Why I’m Proud to be Black and Living in the Burbs
I am from Kennesaw, GA, where 22.3% of the population is African American. I went to a Magnet School for Math, Science, and Technology, where I graduated with only ten other African Americans in my program.
My mother is from Tifton, GA and my father is from Ashburn, GA. Both are first generation college students. My dad being the first of his family to successfully attend college, while my mother, who was child number 6 of 9, was also the first to retain a degree outside of her high school diploma.
They grew up in a much different environment than the one I was raised in. My father often tells stories of his childhood, from continuing on to the next grade while his cousins stayed behind, playing basketball in fake converses because that was all he could afford, or working with his Uncle in the hot, Georgia fields to make some cash. Cash that went towards his family and not his own spending money of course. My mother describes her childhood more joyously, growing up in a full house, where her and her four sisters all shared one bedroom. They would go out and visit their cousins farms where they would grow all sorts of food and prepare it for dinner.
The lives of my parents were that of so many African Americans living in the deep, rural south, filled with dirt roads, outlandish poverty and sometimes overwhelming racial hostility.
My parents would often send me down to South Georgia during the summer, where I would experience just a piece of the life they lived growing up. Praises to the most high, it was never more than a week, so I could always make my way back to burbs, where I was born and raised.
Now growing up in the white suburbs was definitely an experience within itself. I didn’t worry too much about shootings, robberies, or where my next meal was coming from. But instead, I was expected to teach all my classmates how to do the Cupid shuffle, told that maybe this class was too advanced for my skill set, and I had the honor of listening to people refer to me as their “nigga” as if that was okay.
Now Georgia IS still Georgia, so knowing to not make any sudden movements when you’re pulled over was still learned by me as a suburban, but overall my life was pretty good.
When I arrived at Howard University, the first thing I learned was how to properly introduce myself. We call it the “Howard Intro,” and it goes as follows: First and Last Name, Classification, Major, Where you’re from. So here I am, excited to finally be a college student ready to introduce myself: “Hello, my name is Imani Sanders, I’m a Freshman, Media, TV, Film Production Major, from ATLANTA, Georgia.” And here we go.
Student: “OH MY GOSH, you’re from Atlanta?! So am I! What part you from?”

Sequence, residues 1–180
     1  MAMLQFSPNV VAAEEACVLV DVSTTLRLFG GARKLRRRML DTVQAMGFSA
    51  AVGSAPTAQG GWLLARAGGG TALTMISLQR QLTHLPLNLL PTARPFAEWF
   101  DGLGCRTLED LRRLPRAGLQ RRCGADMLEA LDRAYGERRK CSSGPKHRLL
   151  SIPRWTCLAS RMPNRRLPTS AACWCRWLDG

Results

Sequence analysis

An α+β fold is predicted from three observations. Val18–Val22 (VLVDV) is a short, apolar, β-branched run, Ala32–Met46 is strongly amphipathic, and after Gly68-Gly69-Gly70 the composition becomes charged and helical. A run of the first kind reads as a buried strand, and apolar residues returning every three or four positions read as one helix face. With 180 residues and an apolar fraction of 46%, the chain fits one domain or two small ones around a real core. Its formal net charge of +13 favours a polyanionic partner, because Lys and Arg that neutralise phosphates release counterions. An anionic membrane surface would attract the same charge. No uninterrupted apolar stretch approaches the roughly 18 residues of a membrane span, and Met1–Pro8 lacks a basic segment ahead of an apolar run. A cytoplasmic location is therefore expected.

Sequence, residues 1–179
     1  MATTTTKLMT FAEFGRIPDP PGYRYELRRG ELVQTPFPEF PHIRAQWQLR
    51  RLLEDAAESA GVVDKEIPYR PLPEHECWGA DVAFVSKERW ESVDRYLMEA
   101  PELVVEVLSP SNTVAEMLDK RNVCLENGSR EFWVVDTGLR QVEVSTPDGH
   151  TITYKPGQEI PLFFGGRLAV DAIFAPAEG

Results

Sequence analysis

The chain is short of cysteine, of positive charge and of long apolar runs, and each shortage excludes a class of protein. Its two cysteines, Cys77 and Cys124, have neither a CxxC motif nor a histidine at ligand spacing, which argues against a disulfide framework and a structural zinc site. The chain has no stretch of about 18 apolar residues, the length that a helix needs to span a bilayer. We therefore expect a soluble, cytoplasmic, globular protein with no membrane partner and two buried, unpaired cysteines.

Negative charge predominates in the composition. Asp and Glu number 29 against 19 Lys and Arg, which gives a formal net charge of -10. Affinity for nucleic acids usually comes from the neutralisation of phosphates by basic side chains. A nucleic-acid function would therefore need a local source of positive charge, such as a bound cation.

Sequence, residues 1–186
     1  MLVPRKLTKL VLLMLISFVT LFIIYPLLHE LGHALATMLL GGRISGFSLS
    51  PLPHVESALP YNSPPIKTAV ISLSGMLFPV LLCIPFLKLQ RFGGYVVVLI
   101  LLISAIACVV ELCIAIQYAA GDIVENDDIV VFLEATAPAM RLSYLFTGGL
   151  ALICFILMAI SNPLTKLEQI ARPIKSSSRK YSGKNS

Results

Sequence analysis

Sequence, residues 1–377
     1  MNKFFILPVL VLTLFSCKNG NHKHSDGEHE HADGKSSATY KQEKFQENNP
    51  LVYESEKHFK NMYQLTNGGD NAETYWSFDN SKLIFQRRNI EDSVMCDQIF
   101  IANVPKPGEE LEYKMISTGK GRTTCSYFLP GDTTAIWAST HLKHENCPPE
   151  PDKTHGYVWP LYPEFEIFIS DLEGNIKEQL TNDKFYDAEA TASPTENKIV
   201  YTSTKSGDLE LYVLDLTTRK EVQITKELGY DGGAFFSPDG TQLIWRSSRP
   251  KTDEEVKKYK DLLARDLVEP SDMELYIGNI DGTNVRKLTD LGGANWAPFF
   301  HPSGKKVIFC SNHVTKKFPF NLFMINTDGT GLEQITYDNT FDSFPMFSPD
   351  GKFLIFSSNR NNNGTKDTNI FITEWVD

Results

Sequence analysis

And just that quick, I learned: Kennesaw was not Atlanta. Nor was Marietta, Roswell, or Stone Mountain.
But I listened to T.I., ate Waffle House at 2am, craved CFA on Sunday’s, knew all the words to ATL, and experienced Atlanta traffic. I too wanted Gucci to be free. Just because I listened to Coldplay and owned some Vera Bradley didn’t mean I didn’t grow up watching Roots, buying greens from Auburn Avenue, singing Kirk Franklin on the way to church and blasting Hot 107.9 on the way back. I was still BLACK!
Turns out, my experience growing up in the white suburbs was not that of many students at Howard. I’ve met people born and raised in Compton, who lived in Chicago, struggled in Detroit or even made it out Bankhead. The lives they lived were no where near that of which I did and for a minute I felt some guilt towards that. I knew the different zones, but I couldn’t claim one over the other. I could recite Migos “Bando” but I had to rap genius the lyrics. I went to birthday bash, but needed directions to Phillips Arena. But here I was yelling “ATL HOE” in the club as if I was really about that life.
But do you know what my amazing university taught me: Those people from Compton, Chicago, Detroit and Bankhead were this generations version of my parents. They made it out of their environment, and were now aspiring to provide better for their children. They were looking forward to being in the white suburbs where all they had to worry about was their child being asked to lead the electric slide.
I was blessed to have parents that had progressed to an entirely new standard of living. There was a time, back in 1986 where my father was on his own, studying, working two jobs, eating Vienna sausages, struggling to survive. But here they are now, with advanced degrees, stable enough to take yearly vacations, buy Christmas gifts for one another and afford name brand clothes, let alone name brand groceries. My dad’s high school had their first integrated prom not even ten years ago. I was glad, let alone PROUD that my parents had come up.
So rather than trying to relate to Future, I started focusing on making mine even better for my children and there’s to come.
Please Note: I will still whip, walk it out, hit the quan, nae nae, hit dem folks, lean with it rock with it, swag surf, crank that, beef it up and dab unapologetically. “March Madness” & “ATLiens” will forever be the anthem, and “ATL HOE” will still be yelled at any and every Howard function. #RiseUp